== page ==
The Life Autistic: A Thing or Two About ‘Masking’


It still takes many people by surprise that I “function” normally.

That I “get sarcasm.” That my reactions are mostly normal. That I empathize, embrace people, and try to have a good time.

It begs a good question: “How can you be autistic without acting autistic?”

The better question: How do you think we pass as normal?


There’s a good post I’d refer you to on Autistic Masking – our practiced art of adapting to what others would consider and judge to be normal situations.

You never really grow out of autism — you just learn better how to cope and adapt to where normal meets norms.

Things like practiced conversation, pre-rehearsing, active listening, walking in just the right spot in a group, “going with the flow,” leaving my glasses off to make better eye contact, making good exit points, asking lots of open-ended questions — these are almost survival skills I’ve had to practice over time so I can exist with others without warding them off.

I have a week-long business trip coming up, and I’m dreading it.

I’ll be meeting what I feel is like a hundred people for the first time, people I’ve known virtually for years. And they all like to party and have a good time.

And you know I’ll pop up here and there and be genuinely amiable, crack a quality joke or two, come across as halfway normal.

But that takes a lot of acting behind the mask.

Where I have to be excruciatingly intentional about the time I spend.

The group size and composition.

The proximity to my hotel.

The relative odds of certain groups of people staying out later relative to others.

Pushing off enough work projects to where I can exit gracefully on my own terms.


Folks, this is the reality of the many autists in your midst, us ducks paddling feverishly above the waters you deftly sail across.

Fine tuning and baking the clay of a polished mask to where we dare tread among good ol’ regular folks, because we want to try. In many ways we are far apart, but we want to play the part.

And it’s often our finest role – playing a normal version of ourselves.



The Life Autistic: I Choose to be Late to Meetings – Here’s Why

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I am a predictable machine, punctual to a fault.

Except in one scenario.

Where I toss my penchant for punctuality out the window and make a conscious decision to be late to meetings.

But why?

In my Life Autistic, I can barely stand committing to a task if I start it late.

If I dedicate 30 minutes to working out or to development work, I can’t do it in my right mind if I start it askew, like at 11:07AM. It just doesn’t work.

It must begin on time or it doesn’t begin at all.

Except meetings.

See that image above? It’s the impossible scenario for someone’s OCD.

I have a similar autistic problem with meetings.

If I’m getting there on time, I’m usually just a smidge early.

And that’s a problem, because sometimes it’s just me and very few others.

It forces my hand into making small talk when I’m not always prepared to do so.

If it’s me and the meeting host, then it can get awkward quick. I’d rather less, not more, of these instances in my life. I can hold my own, but I don’t like making a habit of that.

I’ve found it much better to show a minute or two later, where a group is already discussing items – maybe they’ll draw attention to me, even better if we get to business, but by then I can jump into a conversation. Or not! Sometimes it’s easy to listen and disengage for a bit.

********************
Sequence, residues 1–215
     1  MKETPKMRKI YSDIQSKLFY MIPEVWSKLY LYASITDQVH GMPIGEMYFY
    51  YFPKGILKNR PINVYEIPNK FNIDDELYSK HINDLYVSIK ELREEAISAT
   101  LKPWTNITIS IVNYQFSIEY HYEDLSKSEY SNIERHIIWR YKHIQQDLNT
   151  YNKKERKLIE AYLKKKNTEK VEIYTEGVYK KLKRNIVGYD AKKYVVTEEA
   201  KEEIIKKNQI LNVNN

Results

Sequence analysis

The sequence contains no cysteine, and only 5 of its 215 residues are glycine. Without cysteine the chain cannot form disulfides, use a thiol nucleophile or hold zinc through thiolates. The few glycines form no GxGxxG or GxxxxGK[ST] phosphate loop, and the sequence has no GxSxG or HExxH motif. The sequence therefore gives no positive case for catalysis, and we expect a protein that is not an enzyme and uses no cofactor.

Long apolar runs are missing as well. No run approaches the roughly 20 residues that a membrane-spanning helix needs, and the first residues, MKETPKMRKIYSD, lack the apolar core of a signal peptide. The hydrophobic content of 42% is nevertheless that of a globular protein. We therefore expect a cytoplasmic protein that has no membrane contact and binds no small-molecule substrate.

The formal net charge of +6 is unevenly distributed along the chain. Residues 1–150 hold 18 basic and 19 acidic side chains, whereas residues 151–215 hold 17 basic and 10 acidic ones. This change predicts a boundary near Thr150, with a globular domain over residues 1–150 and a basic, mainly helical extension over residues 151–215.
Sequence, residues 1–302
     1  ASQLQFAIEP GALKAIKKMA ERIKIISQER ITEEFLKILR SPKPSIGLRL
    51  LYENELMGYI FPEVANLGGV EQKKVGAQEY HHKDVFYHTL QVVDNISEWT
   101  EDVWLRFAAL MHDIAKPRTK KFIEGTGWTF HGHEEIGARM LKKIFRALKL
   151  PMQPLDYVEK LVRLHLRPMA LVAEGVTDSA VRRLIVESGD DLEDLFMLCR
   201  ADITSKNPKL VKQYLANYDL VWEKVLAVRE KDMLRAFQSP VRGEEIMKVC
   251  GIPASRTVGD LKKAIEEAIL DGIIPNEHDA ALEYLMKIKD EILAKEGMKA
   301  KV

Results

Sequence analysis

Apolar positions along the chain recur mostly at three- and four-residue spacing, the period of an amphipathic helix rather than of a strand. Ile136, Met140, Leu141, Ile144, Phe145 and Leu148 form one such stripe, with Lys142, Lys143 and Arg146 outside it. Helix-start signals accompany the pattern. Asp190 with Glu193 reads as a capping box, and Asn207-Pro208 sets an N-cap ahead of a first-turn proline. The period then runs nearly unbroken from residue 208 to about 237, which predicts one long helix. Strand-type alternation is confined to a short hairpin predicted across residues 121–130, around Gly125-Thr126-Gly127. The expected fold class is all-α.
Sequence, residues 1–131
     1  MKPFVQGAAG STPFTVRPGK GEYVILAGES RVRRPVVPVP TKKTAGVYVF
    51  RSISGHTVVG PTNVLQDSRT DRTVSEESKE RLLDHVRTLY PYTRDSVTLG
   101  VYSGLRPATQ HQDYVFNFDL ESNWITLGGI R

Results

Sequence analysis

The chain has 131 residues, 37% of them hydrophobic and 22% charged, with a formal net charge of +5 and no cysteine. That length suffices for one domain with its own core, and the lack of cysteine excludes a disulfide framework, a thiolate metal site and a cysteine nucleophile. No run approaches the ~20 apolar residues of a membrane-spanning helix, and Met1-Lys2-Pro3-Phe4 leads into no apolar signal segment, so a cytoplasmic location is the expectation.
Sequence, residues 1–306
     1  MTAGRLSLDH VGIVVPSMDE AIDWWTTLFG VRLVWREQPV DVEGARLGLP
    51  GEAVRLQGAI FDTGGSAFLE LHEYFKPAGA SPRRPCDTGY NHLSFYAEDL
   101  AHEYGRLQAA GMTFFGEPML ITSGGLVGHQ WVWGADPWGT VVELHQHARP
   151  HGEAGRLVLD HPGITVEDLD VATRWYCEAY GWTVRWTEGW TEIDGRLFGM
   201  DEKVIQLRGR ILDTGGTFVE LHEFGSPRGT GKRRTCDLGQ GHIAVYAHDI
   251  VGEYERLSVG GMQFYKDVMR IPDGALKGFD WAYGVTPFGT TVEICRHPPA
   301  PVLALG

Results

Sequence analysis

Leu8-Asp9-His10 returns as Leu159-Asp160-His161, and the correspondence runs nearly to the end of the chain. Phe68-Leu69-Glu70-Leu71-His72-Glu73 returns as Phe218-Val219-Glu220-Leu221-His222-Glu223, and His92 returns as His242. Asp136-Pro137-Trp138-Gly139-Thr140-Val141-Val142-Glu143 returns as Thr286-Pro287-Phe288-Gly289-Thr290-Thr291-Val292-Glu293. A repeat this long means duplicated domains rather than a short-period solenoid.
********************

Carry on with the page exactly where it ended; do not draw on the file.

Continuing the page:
Even if I’m late.

Some trials aren’t worth my punctuality ^_^


The Life Autistic: Somehow I Got Good at Team Building

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Ever end up looking back at a skill and wondering “How did I get good at this?”

After watching The Office for the grizzillionth time in a row, I’ve started to look for different layers within the show.

One of them is “Michael Scott managerial competencies” — you could argue that there aren’t many. But one skill stands out.

Good with names.

Like, unusually good. Names, details, ages, people — helpful in sales, helpful with people.

Sadly or unsadly, we share that similar skill.

When I got into organizational leadership, I tried my hardest to be relatable, to show that I cared about their details, about them. Because I did.

So after I got to know my team of supervisors, I learned more about them, their families, and all their kids and dogs. It became part of our common language, not just in my conversations with them, but with each other.

It got to where I could rattle off the names of:

—all 15 kids

—across six supervisors

—in descending order by age

That didn’t take too much effort with my *autistic superpowers* and all.

But getting names and details down led to something unexpected. So here’s a story:

We brought on a new team manager into the mix. She was a bit more reserved at first, but she soon picked up on our vibe. After a while, she felt more comfortable sharing a little bit more about the goings on in her life.

She’d say things like “Ok, taking my son off to wrestling” or “My oldest just won her cheer competition” — which was great, since she hadn’t really opened up to the team in our chat before.

Then, something changed.

Weeks later, she started changing the verbiage. Subtle, but substantial.

Instead of mentioning her kids generically, as she’d done for a while, she started using their names.

“Jimmy just won his latest match!” and “Amber’s feeling a lot better, thanks for asking.”

And me being me, I noticed.

In a later meeting, I brought it up with her. Turns out, it wasn’t accidental on her part.

And her reason was when I finally felt I got good at team building.

Because I wasn’t building a team.

She said: “Hunter, I feel like you’ve built a family here.”